Homemade Cheese Curds


2 gallons whole milk
frying thermometer
large pan
Cheese cloth
1/2 tsp calcium chloride
pack of thermophilic culture (c201) available on line or in cheese makings shops
Rennet (available on line or at cheese shops)

Cheese curds are are delicious way to enjoy cheese. They Can be deep fried or served cold with the Canadian favorite Pountin with french fries and gravy or eaten as is.


  • Bring 2 gallons of milk up to a temperature of 96 degrees and set a timer for 90 minutes to measure the critical process from ripening through scald. This is the most important part of the recipe and must be run by the clock.
  • Next add 1/2 tsp of calcium chloride along with a pack of thermophilic culture.
  • The milk is then kept at 96 degrees in order to ripen the culture which will take 30 minutes.
  • Next measure out 1/2 tsp of rennet and add this to 1/4 cup of cool water then add and stir the milk gently for about 30 seconds.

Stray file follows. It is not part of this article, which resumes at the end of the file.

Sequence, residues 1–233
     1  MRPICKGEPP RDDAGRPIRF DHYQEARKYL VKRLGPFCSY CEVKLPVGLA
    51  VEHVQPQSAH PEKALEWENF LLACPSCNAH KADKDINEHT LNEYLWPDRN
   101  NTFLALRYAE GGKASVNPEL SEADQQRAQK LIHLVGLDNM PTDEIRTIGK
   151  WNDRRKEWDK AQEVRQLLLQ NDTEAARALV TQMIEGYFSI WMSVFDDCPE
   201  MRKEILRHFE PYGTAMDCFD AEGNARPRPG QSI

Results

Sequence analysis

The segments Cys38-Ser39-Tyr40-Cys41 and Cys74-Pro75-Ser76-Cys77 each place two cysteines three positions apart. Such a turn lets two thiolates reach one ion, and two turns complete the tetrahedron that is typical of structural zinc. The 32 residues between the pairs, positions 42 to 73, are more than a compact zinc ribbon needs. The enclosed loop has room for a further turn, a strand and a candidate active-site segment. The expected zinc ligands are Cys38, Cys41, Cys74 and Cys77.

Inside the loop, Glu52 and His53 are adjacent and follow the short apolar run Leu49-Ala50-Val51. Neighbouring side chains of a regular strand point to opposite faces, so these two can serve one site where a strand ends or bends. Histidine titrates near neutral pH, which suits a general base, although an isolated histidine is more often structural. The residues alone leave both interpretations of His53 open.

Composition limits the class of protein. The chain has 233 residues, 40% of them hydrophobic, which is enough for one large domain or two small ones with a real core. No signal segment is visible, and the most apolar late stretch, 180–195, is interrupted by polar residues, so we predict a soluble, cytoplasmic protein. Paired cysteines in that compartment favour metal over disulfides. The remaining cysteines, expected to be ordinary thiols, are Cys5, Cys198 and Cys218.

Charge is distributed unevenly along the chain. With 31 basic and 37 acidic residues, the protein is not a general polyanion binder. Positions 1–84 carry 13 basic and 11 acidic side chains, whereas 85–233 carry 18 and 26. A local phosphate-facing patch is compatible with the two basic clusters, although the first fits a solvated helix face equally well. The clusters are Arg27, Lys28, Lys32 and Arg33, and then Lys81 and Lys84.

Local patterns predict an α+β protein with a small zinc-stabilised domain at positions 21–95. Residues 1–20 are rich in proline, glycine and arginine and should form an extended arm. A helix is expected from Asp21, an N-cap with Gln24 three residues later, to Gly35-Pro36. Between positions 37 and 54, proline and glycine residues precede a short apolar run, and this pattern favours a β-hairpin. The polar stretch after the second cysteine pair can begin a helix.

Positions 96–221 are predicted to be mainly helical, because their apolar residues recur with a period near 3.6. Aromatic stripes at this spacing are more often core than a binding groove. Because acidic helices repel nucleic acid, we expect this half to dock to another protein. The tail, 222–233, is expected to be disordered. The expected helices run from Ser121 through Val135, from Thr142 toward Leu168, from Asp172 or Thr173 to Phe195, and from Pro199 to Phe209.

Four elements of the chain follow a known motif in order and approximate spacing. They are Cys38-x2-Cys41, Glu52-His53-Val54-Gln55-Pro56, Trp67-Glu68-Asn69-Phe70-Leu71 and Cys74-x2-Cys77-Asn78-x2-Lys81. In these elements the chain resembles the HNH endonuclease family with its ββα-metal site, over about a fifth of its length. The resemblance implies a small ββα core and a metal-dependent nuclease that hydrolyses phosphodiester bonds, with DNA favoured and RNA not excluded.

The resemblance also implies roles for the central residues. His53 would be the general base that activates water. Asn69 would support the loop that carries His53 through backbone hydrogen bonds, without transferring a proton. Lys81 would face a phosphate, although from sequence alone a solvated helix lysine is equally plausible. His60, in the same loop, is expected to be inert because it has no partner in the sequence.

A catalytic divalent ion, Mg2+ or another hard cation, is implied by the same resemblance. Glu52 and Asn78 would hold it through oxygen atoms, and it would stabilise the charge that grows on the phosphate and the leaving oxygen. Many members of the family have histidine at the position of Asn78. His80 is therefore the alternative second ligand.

• In about 6-10 minutes the milk will begin to gel and in 18-25 minutes a firm set should take place.
  • This can be tested by inserting a knife and lifting with the broad surface to split the curd.
  • In a few seconds the cut will fill with clear whey. If it is cloudy wait a few more minutes.
  • Next cut the curd surface into 3/4 inch cubes. Wait 3 minutes then begin to stir. Keeping the temperature at 96 degrees. As you stir the curds will become smaller.
  • Next heat the curds slowly to 116 degrees over 30 minutes. They will continue to shrink as more whey is released. About now you timer should be going off.
  • Continue to cook the curds for 30-60 minutes, depending on how dry you like them.
  • When the curds are cooked transfer to a cloth lined colander to drain, then gather the cloth by its corners and hand for 15-20 minutes.
  • Then twist the cloth tight to press the curds together.
  • Add the curds covered by the cloth to a plate and place a gallon jug of water on top. In one to three hours you will had a consolidated mass of curds.
  • This curd mass can be now broken into bite sized pieces, tossed with a bit of salt and are now ready for eating.
  • They can be stored in a zip lock bag in the refrigerator.


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